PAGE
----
In response to, “But yet much argument occurs over long settled Biblical truth. Although true that no one knows 100% of it, is fighting over it necessary? What causes the fights over its settled knowledge?”
By saying that God is your authority, you said in effect that you trust His word as settled. Right? I only spoke of Biblical truth itself as settled, not manmade side issues over this truth such as denominational issues and the like. Is it not?
Biblical arguments take place because of incomplete understanding, misunderstanding, spurious additions to, or outright rejection of its truth. Isn’t it settled that an individual or even a government official should not rob and steal from you? Or no? If the Bible is not settled, then how are our rights unalienable?
Am I fighting you in your thread? As I said earlier, the fight is not between me and you, but subtly over ultimate authority whether human or divine. I was only defending someone. When we talk about “YECs” versus those without the label, we argue about millions of years versus the Biblical time frame of which only one can be true.
I tend to be most critical to those I respect the most. - SO! - I am not attacking or fighting you because these are acts of hostility. Be ready instead for me to whip you for flies found in your ointment of the Apothecary.
In response to my statement, “God used “very good” things like pestilences to punish?”, you said,
I only know that the general message we receive from the Bible is that things were very good prior to the fall and because of the fall, things were cursed.
In response to, “The word of God only has one interpretation,” you said,
Think of Luther that brought about the reformation to address years of deviation. Please remember the scripture, “One Lord, one faith, one baptism (Ephesians 4:5).”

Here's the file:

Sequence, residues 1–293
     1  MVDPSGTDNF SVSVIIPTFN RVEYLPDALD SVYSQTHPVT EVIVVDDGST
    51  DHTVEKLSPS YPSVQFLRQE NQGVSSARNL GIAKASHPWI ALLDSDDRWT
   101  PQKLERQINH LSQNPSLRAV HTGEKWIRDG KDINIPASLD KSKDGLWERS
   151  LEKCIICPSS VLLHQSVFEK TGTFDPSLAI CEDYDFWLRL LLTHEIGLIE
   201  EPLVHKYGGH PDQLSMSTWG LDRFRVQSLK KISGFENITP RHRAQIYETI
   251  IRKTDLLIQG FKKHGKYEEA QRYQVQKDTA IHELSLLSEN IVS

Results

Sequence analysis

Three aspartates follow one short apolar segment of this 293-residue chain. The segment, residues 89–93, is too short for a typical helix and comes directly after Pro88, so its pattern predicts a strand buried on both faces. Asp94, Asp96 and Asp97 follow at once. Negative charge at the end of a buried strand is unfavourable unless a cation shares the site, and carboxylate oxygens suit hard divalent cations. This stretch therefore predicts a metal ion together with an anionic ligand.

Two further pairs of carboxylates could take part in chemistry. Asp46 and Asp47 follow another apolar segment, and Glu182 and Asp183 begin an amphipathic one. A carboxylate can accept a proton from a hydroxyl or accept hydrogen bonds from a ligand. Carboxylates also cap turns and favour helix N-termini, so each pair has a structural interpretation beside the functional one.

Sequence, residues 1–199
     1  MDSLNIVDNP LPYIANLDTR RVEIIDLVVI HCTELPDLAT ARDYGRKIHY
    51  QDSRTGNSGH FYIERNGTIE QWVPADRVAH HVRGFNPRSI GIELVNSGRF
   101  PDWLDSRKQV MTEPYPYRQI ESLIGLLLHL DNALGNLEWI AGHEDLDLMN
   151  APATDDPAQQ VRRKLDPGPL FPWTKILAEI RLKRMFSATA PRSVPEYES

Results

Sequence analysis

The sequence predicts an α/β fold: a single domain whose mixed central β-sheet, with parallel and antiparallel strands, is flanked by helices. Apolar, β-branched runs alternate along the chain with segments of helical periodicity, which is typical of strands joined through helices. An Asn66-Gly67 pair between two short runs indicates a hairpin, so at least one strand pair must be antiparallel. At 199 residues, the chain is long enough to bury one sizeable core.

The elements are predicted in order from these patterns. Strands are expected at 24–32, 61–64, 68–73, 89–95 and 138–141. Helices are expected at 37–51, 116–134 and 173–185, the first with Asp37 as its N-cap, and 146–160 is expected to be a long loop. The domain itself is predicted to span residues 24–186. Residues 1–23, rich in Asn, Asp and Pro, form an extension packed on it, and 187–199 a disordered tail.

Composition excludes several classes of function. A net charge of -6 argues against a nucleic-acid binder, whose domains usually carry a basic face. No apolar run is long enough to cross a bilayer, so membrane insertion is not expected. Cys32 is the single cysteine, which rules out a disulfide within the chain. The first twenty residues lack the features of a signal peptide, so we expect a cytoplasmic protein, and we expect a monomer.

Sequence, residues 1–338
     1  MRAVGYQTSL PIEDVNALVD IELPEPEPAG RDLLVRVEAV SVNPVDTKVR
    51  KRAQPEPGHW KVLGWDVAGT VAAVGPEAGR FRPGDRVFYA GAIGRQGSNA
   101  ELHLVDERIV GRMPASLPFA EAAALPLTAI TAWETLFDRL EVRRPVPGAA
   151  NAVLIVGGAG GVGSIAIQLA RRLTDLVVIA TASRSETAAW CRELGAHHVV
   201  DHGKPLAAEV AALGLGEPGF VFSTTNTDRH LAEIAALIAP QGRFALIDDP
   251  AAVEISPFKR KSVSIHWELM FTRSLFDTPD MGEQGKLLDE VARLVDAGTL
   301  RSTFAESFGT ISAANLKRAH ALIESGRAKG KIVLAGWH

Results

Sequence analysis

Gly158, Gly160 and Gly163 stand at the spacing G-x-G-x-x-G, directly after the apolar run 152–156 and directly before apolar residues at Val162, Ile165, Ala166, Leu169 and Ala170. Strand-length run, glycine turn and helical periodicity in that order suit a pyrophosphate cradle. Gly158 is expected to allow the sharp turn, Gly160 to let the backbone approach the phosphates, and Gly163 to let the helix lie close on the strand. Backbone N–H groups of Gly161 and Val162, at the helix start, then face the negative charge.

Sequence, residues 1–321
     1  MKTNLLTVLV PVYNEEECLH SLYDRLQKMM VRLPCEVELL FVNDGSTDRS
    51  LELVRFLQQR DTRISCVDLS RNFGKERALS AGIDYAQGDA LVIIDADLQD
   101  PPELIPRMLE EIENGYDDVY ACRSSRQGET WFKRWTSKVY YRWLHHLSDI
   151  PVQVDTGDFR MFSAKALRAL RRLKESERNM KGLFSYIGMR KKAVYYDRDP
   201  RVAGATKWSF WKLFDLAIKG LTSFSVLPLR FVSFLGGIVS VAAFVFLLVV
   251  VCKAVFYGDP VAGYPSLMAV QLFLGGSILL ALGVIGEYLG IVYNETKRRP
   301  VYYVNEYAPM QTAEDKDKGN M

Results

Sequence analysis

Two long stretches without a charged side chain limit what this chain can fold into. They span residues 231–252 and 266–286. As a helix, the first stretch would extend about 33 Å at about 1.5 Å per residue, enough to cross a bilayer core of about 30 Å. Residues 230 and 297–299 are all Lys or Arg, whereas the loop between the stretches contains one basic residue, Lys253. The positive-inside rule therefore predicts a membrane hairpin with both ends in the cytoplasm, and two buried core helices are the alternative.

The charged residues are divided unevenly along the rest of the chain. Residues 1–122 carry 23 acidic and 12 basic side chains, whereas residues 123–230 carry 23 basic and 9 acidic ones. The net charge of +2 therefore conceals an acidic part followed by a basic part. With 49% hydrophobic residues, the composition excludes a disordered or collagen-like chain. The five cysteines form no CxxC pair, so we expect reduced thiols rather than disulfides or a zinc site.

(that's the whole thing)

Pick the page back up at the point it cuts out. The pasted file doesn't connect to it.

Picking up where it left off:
Why are there many denominations? That brings us back to 1 Corintians 1:12-17 where Paul addressed the “I am of So and So” issue. Besides deviating groups that pull off the gospel path altogether, denominational differences are usually man-made even though each claim to hold on to the faith as described but are yet separated. It’s unfortunate that too many depend more on prominent practices of their denomination or group than on the finished work of Jesus. One of my pet peeves is ministers that tend to condemn other ministers only because they do or don’t do the things they do. Paul says he preaches Christ crucified (1 Corinthians 1:12) and admonishes us to follow him only as he followed Christ. Let’s also remember Jesus’ statement,
“Not every one that saith unto me, Lord, Lord, shall enter into the kingdom of heaven; but he that doeth the will of my Father which is in heaven (Matthew 7:21).”
The scripture thus explains that those that will be in His church are those that follow Him to do His will that bears His expected fruit. But there are of course denominations working together in conformance to the Biblical “one faith” doctrine that keep them together. Divisive pride divides the church to destroy its effectiveness.